• Yucca Mountain (YM), Nevada, has been recommended as a deep geological repository for the disposal of spent fuel and high-level radioactive waste. If YM is licensed as a repository by the Nuclear Regulatory Commission, it will be important to identify the potential for radionuclides to migrate from underground nuclear testing areas located on the Nevada Test Site (NTS) to the hydraulically downgradient repository area to ensure that monitoring does not incorrectly attribute repository failure to radionuclides originating from other sources. In this study, we use the Death Valley Regional Flow System (DVRFS) model developed by the U.S. Geological Survey tomore » investigate potential groundwater migration pathways and associated travel times from the NTS to the proposed YM repository area. Using results from the calibrated DVRFS model and the particle tracking post-processing package MODPATH, we modeled three-dimensional groundwater advective pathways in the NTS and YM region. Our study focuses on evaluating the potential for groundwater pathways between the NTS and YM withdrawal area and whether travel times for advective flow along these pathways coincide with the prospective monitoring timeframe at the proposed repository. We include uncertainty in effective porosity, as this is a critical variable in the determination of time for radionuclides to travel from the NTS region to the YM withdrawal area. Uncertainty in porosity is quantified through evaluation of existing site data and expert judgment and is incorporated in the model through Monte Carlo simulation. Since porosity information is limited for this region, the uncertainty is quite large and this is reflected in the results as a large range in simulated groundwater travel times.« less
  • Unsaturated flow has been modeled through four cross-sections at Yucca Mountain, Nevada, for the purpose of determining groundwater particle travel times from the potential repository to the water table. This work will be combined with the results of flow modeling in the saturated zone for the purpose of evaluating the suitability of the potential repository under the criteria of 10CFR960. One criterion states, in part, that the groundwater travel time (GWTT) from the repository to the accessible environment must exceed 1,000 years along the fastest path of likely and significant radionuclide travel. Sensitivity analyses have been conducted for one geostatisticalmore » realization of one cross-section for the purpose of (1) evaluating the importance of hydrological parameters having some uncertainty (infiltration, fracture-matrix connectivity, fracture frequency, and matrix air entry pressure or van Genuchten {alpha}); and (2) examining conceptual models of flow by altering the numerical implementation of the conceptual model (dual permeability (DK) and the equivalent continuum model (ECM)). Results of comparisons of the ECM and DK model are also presented in Ho et al.« less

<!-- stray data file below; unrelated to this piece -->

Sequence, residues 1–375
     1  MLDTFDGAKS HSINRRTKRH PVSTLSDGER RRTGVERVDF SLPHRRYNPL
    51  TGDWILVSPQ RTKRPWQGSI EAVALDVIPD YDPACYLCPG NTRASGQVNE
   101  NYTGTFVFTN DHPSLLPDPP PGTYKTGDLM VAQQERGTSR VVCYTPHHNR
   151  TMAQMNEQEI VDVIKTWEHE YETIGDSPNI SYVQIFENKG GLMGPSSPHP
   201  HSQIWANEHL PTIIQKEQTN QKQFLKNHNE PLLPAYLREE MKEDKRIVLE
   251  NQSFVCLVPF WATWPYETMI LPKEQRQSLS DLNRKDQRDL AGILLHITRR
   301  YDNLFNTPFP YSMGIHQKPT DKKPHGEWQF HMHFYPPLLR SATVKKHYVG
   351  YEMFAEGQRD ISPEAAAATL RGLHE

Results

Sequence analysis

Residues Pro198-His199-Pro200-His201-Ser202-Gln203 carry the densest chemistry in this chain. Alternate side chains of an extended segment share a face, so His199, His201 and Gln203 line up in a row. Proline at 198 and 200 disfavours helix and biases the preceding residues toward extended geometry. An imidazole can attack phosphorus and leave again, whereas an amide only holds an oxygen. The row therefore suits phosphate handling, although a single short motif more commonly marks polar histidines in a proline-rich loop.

• Preliminary uncertainty analyses of pre-waste-emplacement groundwater travel times are presented for a potential high-level nuclear waste repository in the deep basalts beneath the Hanford Site, Washington State. The uncertainty analyses are carried out by means of a Monte Carlo technique, which requires the uncertain inputs to be described as either random variables or spatial stochastic processes. Pre-waste-emplacement groundwater travel times are modeled in a continuous, flat-lying basalt flow top that is assumed to overlie the repository horizon. Two-dimensional, steady state groundwater flow is assumed, and transmissivity, effective thickness, and regional hydraulic gradient are considered as uncertain inputs. Groundwater travel timemore » distributions corresponding to three groundwater models are presented and compared. Limitations of these preliminary simulation results are discussed in detail.« less